In a time of significant health care transformation, many health insurers and health care providers are moving toward payment models based on the quality of care rather than the quantity in an effort to attain the Triple Aim of better care, smarter spending, and healthier people. The U.S. Department of Health and Human Services is working toward having 90 percent of Medicare payments tied to quality by 2018, and, at the state level, many are exploring a variety of new payment approaches through State Innovation Models funded by the Center for Medicare and Medicaid Innovation (CMMI).
While these payment reform efforts have a clear tie to the smarter spending aspect of the Triple Aim, what about their impact on people’s health? Right now, most of these value-based payment models, as they’re known, focus on clinical services and specifically focus on the needs and outcomes of a particular health care provider’s patients, a health plan’s enrollees, or the purchaser’s employee subscribers. Other payment models focus on a targeted sub-population of individuals with a defined clinical condition, such as patients with diabetes or depression. As such, payment and financing models are not yet adequately supporting community-wide, that is, geographically-based, population health. The incentives in these models do not yet reward health care providers for creating healthy communities, nor do they incentivize other sectors—transportation, housing, education—for population health improvements.
In light of this disconnect between payment reform and community-wide population health, AcademyHealth, with support from the Robert Wood Johnson Foundation, is leading a new effort called Payment Reform for Population Health to identify where momentum and opportunities exist to close the gap. As a neutral broker of information, AcademyHealth supports the generation of new knowledge and the transfer of knowledge into action. Supported by a broad and diverse network of researchers, policymakers, and practitioners, AcademyHealth is uniquely positioned to collaborate and facilitate connections, create shareable resources, and co-create strategies for using payment reform to support population health improvement.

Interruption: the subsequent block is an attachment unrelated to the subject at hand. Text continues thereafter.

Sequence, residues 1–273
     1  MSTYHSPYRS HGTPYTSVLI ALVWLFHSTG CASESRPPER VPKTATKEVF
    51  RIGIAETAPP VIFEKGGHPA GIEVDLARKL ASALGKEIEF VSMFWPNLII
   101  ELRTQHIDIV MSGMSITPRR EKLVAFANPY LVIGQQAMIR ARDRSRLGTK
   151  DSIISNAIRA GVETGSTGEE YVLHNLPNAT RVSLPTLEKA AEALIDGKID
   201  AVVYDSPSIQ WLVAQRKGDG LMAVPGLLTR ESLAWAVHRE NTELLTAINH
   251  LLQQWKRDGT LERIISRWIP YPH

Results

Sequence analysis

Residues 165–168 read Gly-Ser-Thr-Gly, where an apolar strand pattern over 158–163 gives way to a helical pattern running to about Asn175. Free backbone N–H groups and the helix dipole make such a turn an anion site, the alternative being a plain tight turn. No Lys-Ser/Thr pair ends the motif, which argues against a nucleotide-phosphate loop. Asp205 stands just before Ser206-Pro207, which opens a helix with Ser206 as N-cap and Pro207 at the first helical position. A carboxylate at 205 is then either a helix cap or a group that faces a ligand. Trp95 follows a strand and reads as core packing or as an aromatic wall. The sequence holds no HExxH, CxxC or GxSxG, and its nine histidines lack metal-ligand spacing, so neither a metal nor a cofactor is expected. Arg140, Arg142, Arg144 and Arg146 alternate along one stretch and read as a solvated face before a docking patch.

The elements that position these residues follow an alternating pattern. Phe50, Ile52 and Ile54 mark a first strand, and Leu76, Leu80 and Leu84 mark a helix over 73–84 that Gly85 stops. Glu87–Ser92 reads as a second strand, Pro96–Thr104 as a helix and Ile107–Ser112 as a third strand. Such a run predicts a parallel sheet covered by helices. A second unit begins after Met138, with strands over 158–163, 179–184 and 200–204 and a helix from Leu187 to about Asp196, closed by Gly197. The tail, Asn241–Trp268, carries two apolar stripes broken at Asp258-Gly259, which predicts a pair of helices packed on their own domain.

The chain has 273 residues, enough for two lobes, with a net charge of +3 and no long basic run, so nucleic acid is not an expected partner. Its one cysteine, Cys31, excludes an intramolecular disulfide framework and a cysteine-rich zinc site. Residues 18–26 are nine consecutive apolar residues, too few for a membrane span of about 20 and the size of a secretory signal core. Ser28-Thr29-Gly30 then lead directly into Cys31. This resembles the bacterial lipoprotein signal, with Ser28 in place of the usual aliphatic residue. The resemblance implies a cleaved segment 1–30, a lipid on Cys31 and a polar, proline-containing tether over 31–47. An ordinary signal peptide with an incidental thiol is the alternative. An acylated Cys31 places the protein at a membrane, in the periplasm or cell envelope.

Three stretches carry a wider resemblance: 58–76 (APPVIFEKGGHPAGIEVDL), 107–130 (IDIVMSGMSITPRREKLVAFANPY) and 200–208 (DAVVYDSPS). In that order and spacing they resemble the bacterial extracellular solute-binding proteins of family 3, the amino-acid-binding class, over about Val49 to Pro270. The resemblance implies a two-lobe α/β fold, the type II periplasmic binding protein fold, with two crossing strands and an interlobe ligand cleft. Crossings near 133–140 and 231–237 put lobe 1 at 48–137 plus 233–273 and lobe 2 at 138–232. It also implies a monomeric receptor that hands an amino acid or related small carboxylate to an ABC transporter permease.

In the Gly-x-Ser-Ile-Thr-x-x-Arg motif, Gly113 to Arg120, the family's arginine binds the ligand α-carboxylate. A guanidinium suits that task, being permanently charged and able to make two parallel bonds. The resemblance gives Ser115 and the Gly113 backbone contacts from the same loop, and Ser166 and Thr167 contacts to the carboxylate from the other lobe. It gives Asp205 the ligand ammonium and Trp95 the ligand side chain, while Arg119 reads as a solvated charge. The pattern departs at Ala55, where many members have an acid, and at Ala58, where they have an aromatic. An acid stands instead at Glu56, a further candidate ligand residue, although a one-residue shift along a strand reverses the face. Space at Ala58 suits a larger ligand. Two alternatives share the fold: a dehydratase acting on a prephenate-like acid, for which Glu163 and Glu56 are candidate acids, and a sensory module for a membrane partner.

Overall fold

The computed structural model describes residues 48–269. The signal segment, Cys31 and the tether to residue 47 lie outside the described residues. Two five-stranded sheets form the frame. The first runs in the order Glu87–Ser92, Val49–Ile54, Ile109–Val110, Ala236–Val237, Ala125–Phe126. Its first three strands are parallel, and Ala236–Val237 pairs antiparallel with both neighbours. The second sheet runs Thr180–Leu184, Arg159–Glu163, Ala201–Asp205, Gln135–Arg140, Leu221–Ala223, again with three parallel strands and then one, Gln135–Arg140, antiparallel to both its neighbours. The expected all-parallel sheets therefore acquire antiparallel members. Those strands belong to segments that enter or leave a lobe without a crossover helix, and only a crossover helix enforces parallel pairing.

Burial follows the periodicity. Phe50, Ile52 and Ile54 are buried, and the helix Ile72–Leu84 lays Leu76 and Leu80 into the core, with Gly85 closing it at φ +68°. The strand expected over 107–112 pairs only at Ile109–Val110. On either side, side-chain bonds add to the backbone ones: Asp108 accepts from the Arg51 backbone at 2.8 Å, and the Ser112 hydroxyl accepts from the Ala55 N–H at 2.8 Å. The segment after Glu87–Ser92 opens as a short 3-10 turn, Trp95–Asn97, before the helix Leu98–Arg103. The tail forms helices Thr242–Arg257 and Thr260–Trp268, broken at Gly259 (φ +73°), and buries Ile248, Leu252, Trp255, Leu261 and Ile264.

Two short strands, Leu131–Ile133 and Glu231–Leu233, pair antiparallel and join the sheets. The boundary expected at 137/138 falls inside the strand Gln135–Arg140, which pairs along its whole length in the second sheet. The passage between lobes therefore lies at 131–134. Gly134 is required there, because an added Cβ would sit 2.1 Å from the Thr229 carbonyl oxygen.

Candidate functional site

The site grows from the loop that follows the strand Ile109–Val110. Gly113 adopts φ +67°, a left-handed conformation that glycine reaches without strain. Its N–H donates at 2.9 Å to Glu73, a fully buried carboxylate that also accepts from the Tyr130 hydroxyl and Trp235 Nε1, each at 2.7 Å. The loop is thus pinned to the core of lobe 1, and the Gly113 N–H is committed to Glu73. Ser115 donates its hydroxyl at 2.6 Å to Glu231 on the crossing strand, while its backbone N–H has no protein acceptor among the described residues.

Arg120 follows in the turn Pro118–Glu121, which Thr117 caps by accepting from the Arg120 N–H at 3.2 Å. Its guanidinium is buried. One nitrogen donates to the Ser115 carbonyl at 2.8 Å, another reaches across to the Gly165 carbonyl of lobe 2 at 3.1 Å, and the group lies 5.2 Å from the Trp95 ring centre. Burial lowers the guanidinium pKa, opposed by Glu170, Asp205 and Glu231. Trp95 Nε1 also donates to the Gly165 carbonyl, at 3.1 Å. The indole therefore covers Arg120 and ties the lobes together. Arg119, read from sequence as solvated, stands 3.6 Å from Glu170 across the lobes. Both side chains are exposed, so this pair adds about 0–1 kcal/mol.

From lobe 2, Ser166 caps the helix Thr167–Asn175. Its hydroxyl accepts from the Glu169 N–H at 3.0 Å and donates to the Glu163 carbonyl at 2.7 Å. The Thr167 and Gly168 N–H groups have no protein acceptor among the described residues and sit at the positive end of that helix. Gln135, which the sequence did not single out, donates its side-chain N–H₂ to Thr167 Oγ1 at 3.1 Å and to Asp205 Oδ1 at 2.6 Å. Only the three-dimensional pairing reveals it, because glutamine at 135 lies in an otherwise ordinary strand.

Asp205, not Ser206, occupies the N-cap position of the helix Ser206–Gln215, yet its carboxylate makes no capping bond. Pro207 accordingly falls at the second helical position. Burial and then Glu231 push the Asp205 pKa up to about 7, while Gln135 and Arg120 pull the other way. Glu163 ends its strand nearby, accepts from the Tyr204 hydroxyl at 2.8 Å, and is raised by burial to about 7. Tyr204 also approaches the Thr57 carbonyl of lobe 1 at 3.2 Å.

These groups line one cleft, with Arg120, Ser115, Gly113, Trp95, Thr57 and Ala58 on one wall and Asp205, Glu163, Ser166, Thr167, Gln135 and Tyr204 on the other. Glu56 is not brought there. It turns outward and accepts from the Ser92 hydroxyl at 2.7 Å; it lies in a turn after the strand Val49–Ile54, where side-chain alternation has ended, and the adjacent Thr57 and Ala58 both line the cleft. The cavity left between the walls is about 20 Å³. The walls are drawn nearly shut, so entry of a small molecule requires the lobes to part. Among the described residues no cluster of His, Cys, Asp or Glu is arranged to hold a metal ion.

This cross-team, multidisciplinary effort brings together AcademyHealth’s experts in payment reform, population and public health, health care data management, and research and analytic methods to identify where payment reform and population health intersect (to learn more about the project team, click here).
Past RWJF-supported initiatives as well as state and federal-led demonstrations have shown that payment reform efforts supporting population health improvement face persistent challenges. Yet, the team has observed encouraging innovations in the Population Health Community of Practice during the past year and by those expected to come from the recently-launched Office of the National Coordinator funded Community Health Peer Learning Program. Beyond AcademyHealth, the team is also looking to the innovative work of others, such as the Health Care Payment Learning and Action Network (LAN). These programs and networks illustrate the on-going efforts of health systems and other stakeholders to innovate and implement successful population-focused interventions.
One of the hallmarks of this Payment Reform for Population Health initiative is its emergent approach. Because working emergently with complex issues requires ongoing attention to multiple levels of change, AcademyHealth has set up processes that support adaptation to the changing context. We have also committed to supporting discovery and knowledge sharing through strategic collaboration with those already improving population heath as well as with those developing and implementing alternative payment models. Specifically, an in collaboration with our Guiding Committee, practitioners, and other key stakeholders, we will work to:
- leverage and learn from efforts underway and work to support and enhance their activities;
- assist in the spread of ideas, knowledge and evidence; and
- support those initiatives to overcome persistent, yet surmountable barriers to achieve success.
After conducting structured interviews with 18 experts and convening our first in-person Guiding Committee meeting, we’ve already identified several barriers to payment reform for population health, including:
- multiple definitions of population health;
- the complexity of how various payment models can impact social determinants of health;
- misalignment of financial incentives;
- lack of appropriate data;
- lack of adequate outcomes measures;
- insufficient evidence for which population health initiatives might have the greatest impact;
- inability to replicate and scale innovations across various communities; and
- the lack of a business case or return-on-investment for such activities.
Next steps include digging deeper into these challenges and working to identify and disseminate promising solutions to overcome shared challenges.
Stay tuned here, at the AcademyHealth blog, for updates on our initiative’s progress and emerging findings. If you are doing related work, please contact Enrique Martinez-Vidal; we’d like to include you in our efforts!